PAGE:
HMDM were fixed, permeabilized and stained as described in “Materials and Methods.” Nuclei were also stained by DAPI (blue). A–C: Nox4 co-localizes with paxillin. HMDM were labeled with antibodies directed against Nox4 (red) and paxillin (green). Colocalization is indicated in yellow (Pearson coefficient  = 0.79). D: Magnification of filed highlighted in panel C with white box in C showing the red (Nox4) and green signals (paxillin) and the overlay. E–G: Nox4 co-localizes with activated FAK. HMDM were labeled with antibodies directed against Nox4 (red) and FAK-Y397Pi (green). Colocalization is indicated in yellow (Pearson coefficient  = 0.75). H–J: Nox4 co-localizes with F-actin. HMDM were labeled with antibodies directed against Nox4 (red) and stained with Alexa Fluor 488-labeled phalloidin (green). Colocalization is indicated in yellow (Pearson coefficient  = 0.84). Scale bar  = 10 µm.

https://doi.org/10.1371/journal.pone.0066964.g001

The formation of membrane protrusions and focal adhesions is essential for cell adhesion and motility and requires the dynamic turnover of actin [23]. In human macrophages we observed significant co-localization of Nox4 with phalloidin staining, suggesting that Nox4 is in close proximity of or directly associated with the F-actin cytoskeleton (Fig. 1H–J). Again, the colocalization was particularly pronounced in membrane protrusions, further supporting a role for of Nox4 in cell adhesion and migration. We also examined whether Nox4 localizes to other organelles or membranes within the cells. We did not observe any significant co-localization of Nox4 with Golgin-97, Lamp-1 or cholera toxin, a marker for lipid rafts (Fig. S1A–C), indicating that Nox4 is not present in the Golgi apparatus, lysosomes or the plasma membrane of macrophages.

In the heart, Nox4-derived ROS have been implicated in the regulation of mitochondrial ROS generation [24] and Nox4 has been reported to localize to mitochondria of cardiac myocytes [25]. However, in human macrophages, we did not observe any significant co-localization of Nox4 with either COX IV or HSP60 (Fig. S1D+E), two mitochondrial markers, suggesting that in macrophages Nox4 may not be localized at or associates with mitochondria. Several reports describe a role for Nox4 in redox signaling in the nucleus [26], [27]. Using biochemical fractionation approaches, we previously identified Nox4 in the nuclear fraction of HMDM [14]. Here, we now confirmed these findings by immunofluorescence and confocal microscopy studies (Fig. S1F), suggesting that Nox4 may also plays a role in the nuclear redox signaling of macrophages.

To further support a direct association of Nox4 with the cell adhesion machinery (Fig. 1), we conducted co-immunoprecipitation studies using our rabbit monoclonal Nox4 antibody [14]. As a positive control, we first confirmed in the Nox4 immunoprecipitate the presence of p22phox, the obligate dimerization partner of Nox4, (Fig. 2A). Consistent with our confocal microscopy findings, Nox4 also co-immunoprecipitated with paxillin, active FAK (FAK-Y397Pi) and actin (Fig. 2B). Interestingly, we also detected the MAPK ERK1/2, which was shown to be recruited to newly formed adhesion sites [28], where, by phosphorylating calpain, ERK1/2 regulates adhesion turnover [29].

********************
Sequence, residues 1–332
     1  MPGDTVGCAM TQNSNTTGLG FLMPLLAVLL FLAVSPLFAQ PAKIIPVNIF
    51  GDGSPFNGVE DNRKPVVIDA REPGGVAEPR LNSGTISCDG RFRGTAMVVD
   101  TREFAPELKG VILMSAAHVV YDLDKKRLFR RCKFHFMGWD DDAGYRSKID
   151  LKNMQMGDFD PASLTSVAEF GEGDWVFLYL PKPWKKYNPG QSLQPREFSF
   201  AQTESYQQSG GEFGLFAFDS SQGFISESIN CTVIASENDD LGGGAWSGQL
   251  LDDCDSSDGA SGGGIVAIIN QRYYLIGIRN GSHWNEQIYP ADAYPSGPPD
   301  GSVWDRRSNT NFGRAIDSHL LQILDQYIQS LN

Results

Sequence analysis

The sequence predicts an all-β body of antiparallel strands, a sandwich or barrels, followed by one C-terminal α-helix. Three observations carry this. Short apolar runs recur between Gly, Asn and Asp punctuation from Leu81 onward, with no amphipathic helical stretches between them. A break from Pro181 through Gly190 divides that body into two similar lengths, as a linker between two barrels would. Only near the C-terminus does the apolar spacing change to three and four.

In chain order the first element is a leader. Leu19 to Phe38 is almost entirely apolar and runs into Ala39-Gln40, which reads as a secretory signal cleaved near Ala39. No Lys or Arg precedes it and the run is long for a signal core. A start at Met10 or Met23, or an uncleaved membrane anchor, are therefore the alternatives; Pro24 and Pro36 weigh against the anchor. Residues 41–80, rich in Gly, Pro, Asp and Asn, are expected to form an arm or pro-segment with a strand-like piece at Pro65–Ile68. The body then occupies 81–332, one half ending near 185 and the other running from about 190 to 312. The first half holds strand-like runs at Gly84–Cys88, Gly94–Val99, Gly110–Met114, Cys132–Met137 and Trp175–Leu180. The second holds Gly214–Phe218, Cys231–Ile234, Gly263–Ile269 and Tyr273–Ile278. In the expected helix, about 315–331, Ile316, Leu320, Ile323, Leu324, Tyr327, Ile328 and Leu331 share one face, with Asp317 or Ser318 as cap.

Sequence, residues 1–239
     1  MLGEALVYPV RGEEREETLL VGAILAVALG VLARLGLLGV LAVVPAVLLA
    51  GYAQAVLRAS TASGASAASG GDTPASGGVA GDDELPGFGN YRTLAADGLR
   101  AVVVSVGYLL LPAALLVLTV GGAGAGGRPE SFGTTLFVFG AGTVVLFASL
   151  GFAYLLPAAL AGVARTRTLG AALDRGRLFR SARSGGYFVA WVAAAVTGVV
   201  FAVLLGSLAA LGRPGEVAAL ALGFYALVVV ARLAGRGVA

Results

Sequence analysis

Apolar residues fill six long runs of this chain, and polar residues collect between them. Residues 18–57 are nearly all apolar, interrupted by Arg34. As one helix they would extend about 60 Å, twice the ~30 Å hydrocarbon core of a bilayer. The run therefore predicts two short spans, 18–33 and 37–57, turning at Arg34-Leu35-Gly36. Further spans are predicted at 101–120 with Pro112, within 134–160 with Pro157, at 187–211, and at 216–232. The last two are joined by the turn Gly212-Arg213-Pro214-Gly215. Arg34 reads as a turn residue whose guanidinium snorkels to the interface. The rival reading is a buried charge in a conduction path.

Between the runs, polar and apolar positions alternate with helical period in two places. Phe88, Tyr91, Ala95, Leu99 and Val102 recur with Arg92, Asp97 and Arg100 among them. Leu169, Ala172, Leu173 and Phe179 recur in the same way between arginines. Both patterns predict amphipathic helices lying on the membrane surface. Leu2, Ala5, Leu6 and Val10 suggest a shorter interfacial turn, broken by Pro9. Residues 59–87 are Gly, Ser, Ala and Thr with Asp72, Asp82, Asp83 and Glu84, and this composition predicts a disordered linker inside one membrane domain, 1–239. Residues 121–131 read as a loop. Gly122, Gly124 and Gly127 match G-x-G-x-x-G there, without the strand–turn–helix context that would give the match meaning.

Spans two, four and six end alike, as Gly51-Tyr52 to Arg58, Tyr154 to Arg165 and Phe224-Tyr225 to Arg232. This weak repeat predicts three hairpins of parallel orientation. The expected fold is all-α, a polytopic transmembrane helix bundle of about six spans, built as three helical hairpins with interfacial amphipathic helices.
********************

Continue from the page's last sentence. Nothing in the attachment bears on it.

thumbnail
Figure 2. Nox4 co-immunoprecipitates with components of focal adhesions.

Lysates of HMDM were treated with either rabbit monoclonal antibodies directed against Nox4 (IP) or rabbit serum (Control), and antibodies were precipitated with pre-washed Protein G Sepharose as described under “Materials and Methods.” Immunoprecipitates were separated by SDS-PAGE and blots were probed for p22phox (A), known components of focal adhesions (B) and proteins presumably unrelated to focal adhesions (C). Representative images of at least 3 independent experiments are shown. WCL: whole cell lysate.

https://doi.org/10.1371/journal.pone.0066964.g002

As predicted from our confocal microscopy studies (Fig. S1B), we failed to detect the lysosomal marker Lamp1 in Nox4 immunoprecipitates (Fig. 2C). Interestingly, we also did not detect other signaling molecules reported to either be involved in redox-sensitive events, such as the redox-sensitive low molecular weight protein tyrosine phosphatase (LMW-PTP) [30], or in the reorganization of the plasma membrane, such as phosphorylated caveolin, a component of focal adhesions involved in lipid raft internalization [31] (Fig. 2C). These data suggest a level of selectivity and specificity for the interactions of Nox4 with components of focal adhesions. Collectively, our data support the concept that in monocytic Nox4 is directly involved in the formation and turnover of focal adhesions, further implicating Nox4 in the regulation of monocyte and macrophages adhesion.